dulcinea Fire and fury! what's the reason you have made renders you invincible. all this disorder in my house? my daughter in Sir Ben. Oh! my lady, is it you? don't be tears; my wife in fits; every thing in an uproar; alarmed, my dear; 'tis all over : a small fracas and all your doing ! Do you think I'll put up between this gentleman and myself; that's all; with this treatment? If you suppose you have a don't be under any surprize; I believe the gentlecoward to deal with, you'll find yourself mista- man has had enough; I believe he is perfectly ken; greatly mistaken, let me tell you, sir! Mer- satisfied with my behaviour, and I persuade mycy upon me, what a passion I am in! In short, self you will have no cause for the future to Mr Belfield, the honour of my house is concern- complain of his. Mr Belfield, this is lady Dove. ed, and I must, and will have satisfaction. I Bel. jun. Madam, to a generous enemy, 'tis think this is pretty well to set out with. l'ın hor- mean to deny justice, or with-hold applause. ribly out of breath. I sweat at every pore. What You are happy in the most valiant of defenders
. great fatigues do inen of courage undergo ! Gentle as you may find him in the tender pas
Bel. jun. Look'e, sir Benjamin, I don't rightly sions, to a man, madain, he acquits himself like conprehend what you would be at; but, if you Sir Benjamin Dove, in justice to your think I have injured you, few words are best; merit, I am ready to make any submission to this disputes between men of honour are soon ad- lady you shall please to impose. If you suffer justed ; I'm at your service, in any way you think her to bully you after this, you deserve to be fit.
benpecked all the days of your life. [Aside. Sir Ben. How you Aly out now! Is that giving Sir Ben. Say no more, my dear Bob; I shall me the satisfaction I require? I am the person love you for this the longest hour I have to live.
Bel. jun. If I have done you any service, pro- | is here ! Egad, I'm very glad on't-I've no no mise me only one hour's conversation with your tion of a female administration.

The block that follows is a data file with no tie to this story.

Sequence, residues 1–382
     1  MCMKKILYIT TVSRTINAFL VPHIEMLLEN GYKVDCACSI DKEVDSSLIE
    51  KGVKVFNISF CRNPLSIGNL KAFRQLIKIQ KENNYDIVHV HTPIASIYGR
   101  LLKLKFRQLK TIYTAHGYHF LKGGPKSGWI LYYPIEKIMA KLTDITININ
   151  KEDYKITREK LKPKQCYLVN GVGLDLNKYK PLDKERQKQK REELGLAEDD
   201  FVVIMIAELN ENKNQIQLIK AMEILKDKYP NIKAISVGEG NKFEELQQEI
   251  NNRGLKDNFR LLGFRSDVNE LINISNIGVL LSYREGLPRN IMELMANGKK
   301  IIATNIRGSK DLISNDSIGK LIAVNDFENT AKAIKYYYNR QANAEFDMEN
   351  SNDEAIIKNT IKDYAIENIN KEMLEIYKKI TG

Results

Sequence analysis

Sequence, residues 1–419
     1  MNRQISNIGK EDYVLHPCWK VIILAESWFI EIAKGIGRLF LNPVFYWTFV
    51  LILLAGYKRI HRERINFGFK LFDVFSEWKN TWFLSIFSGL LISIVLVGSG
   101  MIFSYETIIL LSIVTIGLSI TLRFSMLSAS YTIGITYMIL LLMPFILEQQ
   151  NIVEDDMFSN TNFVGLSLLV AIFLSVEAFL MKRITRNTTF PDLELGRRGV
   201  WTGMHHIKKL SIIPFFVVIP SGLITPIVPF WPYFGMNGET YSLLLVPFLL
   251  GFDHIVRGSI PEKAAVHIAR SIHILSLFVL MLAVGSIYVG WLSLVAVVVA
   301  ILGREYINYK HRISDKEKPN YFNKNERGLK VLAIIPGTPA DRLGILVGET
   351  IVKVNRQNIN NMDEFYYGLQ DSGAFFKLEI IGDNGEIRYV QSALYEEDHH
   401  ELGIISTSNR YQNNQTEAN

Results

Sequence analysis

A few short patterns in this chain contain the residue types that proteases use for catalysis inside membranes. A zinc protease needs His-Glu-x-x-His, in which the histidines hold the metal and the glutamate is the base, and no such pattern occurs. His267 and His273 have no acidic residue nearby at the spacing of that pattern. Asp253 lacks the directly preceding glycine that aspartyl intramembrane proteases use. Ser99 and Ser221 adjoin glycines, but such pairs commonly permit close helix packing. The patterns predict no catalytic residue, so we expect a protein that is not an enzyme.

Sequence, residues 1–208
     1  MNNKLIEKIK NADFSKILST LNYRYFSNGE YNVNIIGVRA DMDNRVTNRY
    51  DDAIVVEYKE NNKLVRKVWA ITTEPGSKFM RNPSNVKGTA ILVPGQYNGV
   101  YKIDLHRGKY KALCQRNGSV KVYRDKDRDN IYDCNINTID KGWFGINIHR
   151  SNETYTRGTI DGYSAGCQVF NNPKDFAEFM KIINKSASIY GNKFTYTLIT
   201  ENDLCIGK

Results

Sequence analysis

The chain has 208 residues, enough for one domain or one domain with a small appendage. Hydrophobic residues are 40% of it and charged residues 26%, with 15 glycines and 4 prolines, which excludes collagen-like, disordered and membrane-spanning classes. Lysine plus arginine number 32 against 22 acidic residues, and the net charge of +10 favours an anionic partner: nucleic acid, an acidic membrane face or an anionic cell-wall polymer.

[Erit. lovely daughter, and make what use of me you Lady Dode. What insolence is this, sir Benjaplease.
min? what ribaldry do you shock my ears with? Sir Ben. Here's my hand, you shall have it; Let me pass, sir; I'll stay no longer in the same leave us.
[Exit Bel. jun. room with you. Lady Dove. What am I to think of all this? Sir Ben. Not in the same room, nor under the It can't well be a contrivance; and yet 'tis strange, same roof, shall you long abide, unless you rethat yon little animal should have the assurance form your manners. However, for the present, to face a man, and be so bashful at a rencounter you must be content to stay where you are. with a woman.
Lady Dove. What, sir ! will you imprison me Sir Ben. Well, lady Dove, what are you mu- | in my own house? I'm sick; I'm ill; I'm suffo sing upon you see you are obeyed; the honour cated; I want air; I must and will walk into the of your family is vindicated. Slow to enter into garden. these affairs; being once engaged, I pertinaciously Sir Ben. Then, madam, you must find some conduct them to an issue.
better weapon than your fan to parry my sword Lady Dove. Sir Benjamin- -I- -- with : this
I defend : what! do'st think, afSir Ben. Here, Jonathan ! do you hear? set ter having encountered a man, I shall turn my my things ready in the library; make haste. back upon a woman? No, madam; I have recLady Done. I say, sir Benjamin, I think- tured my life to defend your honour; 'twould be Sir Ben. Well, let's hear what it is you think. hard if I wanted spirit to protect my own.
Lady Dove. Bloss us all, why you snap one up Lady Dove. You monster! would 80—I say, I think, my dear, you have acquitted your sword upon a woman? yourself tolerably well, and I am perfectly satis- Sir Ben. Unless it has been your pleasure to fied.